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Friday, November 18, 2011

The (MVP) Case for Ellsbury

As the Red Sox managerial search continues, the American League MVP race has been largely pushed to the back-burner in New England. But now seems an appropriate time as any to put in a last good word for Jacoby Ellsbury before the decision of media voters is announced next Monday.

According to the experts, the AL MVP is likely going to be one of three front-runners: Ellsbury, Blue Jays slugger Jose Bautista, and Tigers ace Justin Verlander. Since Verlander already (and appropriately) copped the Cy Young Award in a unanimous vote this week, his stock has risen. But so has the discussion about whether pitchers should even be eligible for the MVP, or if it should be reserved for everyday players.

The way I look at it, the pitchers have their award, and the non-pitchers should have dibs on this one. Maybe they should just rename the Cy Young the "Most Valuable Pitcher Award," to help voters understand this logic. But for now, at least, Verlander and his 23-5 record are very much in the mix.

This brings us to Bautista and Ellsbury. While there is no mistaking that Bautista has had another outstanding power year -- his 43 home runs led the league, as did his .608 slugging percentage and 1.056 OPS -- he doesn't compare to Ellsbury as an outfielder or all-around player. Ellsbury won his first Gold Glove Award with a Fred Lynn-esque year in center, and while much was made of his near-miss in one of the season's final critical games at Baltimore (here it is in case you forgot: http://mlb.mlb.com/video/play.jsp?content_id=19704805&topic_id=&c_id=mlb&tcid=vpp_copy_19704805&v=3), the fact is that most outfeilders would never even have gotten their glove on the ball, nonetheless held on as they smashed against the fence. Bautista? No chance.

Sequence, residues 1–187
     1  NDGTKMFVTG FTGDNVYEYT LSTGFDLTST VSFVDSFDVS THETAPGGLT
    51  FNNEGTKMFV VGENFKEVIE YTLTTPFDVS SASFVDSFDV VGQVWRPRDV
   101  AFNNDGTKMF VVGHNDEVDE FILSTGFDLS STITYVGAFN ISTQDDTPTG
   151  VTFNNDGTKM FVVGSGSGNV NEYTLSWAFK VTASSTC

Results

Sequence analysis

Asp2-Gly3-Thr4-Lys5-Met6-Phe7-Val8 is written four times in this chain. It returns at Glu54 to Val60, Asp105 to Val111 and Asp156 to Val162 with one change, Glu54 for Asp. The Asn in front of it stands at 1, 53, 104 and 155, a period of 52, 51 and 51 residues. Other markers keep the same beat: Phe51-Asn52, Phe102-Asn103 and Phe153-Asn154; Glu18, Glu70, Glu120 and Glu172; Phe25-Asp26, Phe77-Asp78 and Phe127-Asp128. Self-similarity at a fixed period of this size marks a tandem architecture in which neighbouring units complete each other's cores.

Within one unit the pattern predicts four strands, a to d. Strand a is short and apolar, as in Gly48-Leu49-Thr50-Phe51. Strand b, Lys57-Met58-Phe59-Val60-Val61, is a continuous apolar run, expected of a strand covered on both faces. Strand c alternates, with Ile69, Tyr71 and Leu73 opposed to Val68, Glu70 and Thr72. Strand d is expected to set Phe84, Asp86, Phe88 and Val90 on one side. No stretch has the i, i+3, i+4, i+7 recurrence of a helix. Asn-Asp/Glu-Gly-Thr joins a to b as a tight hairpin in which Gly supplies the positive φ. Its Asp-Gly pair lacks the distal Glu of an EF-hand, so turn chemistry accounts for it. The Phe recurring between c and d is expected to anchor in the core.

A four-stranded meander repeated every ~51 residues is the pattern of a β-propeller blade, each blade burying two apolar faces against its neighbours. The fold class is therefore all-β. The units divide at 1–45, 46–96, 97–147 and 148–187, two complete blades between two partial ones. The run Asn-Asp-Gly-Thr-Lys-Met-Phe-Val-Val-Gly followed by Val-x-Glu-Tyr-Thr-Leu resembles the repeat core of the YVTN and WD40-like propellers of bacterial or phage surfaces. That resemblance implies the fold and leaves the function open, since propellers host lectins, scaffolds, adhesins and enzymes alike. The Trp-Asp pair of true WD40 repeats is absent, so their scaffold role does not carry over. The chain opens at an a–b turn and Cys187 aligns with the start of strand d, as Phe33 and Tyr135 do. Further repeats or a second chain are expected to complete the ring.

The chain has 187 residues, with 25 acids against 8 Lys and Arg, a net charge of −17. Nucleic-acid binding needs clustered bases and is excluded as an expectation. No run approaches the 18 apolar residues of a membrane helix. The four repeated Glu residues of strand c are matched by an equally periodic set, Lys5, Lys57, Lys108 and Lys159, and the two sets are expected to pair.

As for the "MVPs make those plays" talk, well, it's true that they often do. But MVPs also hit game-winning 14th-inning home runs in the heat of the pennant race, as Ellsbury did against the Yankees in the waning days of the Red Sox collapse. In fact, one can make the argument that no Boston player did more to prevent the September swoon than Ellsbury -- who hit  .358 in September with 8 homers, 11 doubles, and a 1.067 OBP.  Batusita hit .259 in September, but nobody really cared about that since the Blue Jays weren't even in the playoff hunt.

Yes, the Red Sox blew it. But when you combine defense, offense, speed, athleticism, and general excitement, there was no better player on an everyday basis in the American League this year than Jacoby Ellsbury. He was a threat to steal every time he got on base, and certainly would have swiped far more than 35 bags in another lineup (he had 50 and 70 in 2008-09). The impact this had on pitchers can't be measured; Bautista (9 steals) made no hurlers nervous once the bat was out of his hands.

Many times they never let Jose swing it anyway, as he was walked a league-best 132 times. Even so, Ellsbury scored more runs than Bautista (119 to 105) while igniting the Red Sox offense from the top of the lineup. In fact, Ellsbury's own power numbers (32 homers, 105 RBI) were among the best ever garnered by a lead-off man. For an apt comparison, see Nomar Garciaparra, circa 1997.

Voters may not be able to get past the historical Boston collapse, but they should. Ellsbury did his best to prevent it, and when you throw in the fact he lost almost the entire 2010 season to injury, and was batting leadoff, there was no more impressive performance by an American Leaguer this season. Bautista was this year's George Bell, another Jays slugger whose 1987 MVP year is largely forgotten today. Nobody is going to forget Ellsbury's breakout season anytime soon.

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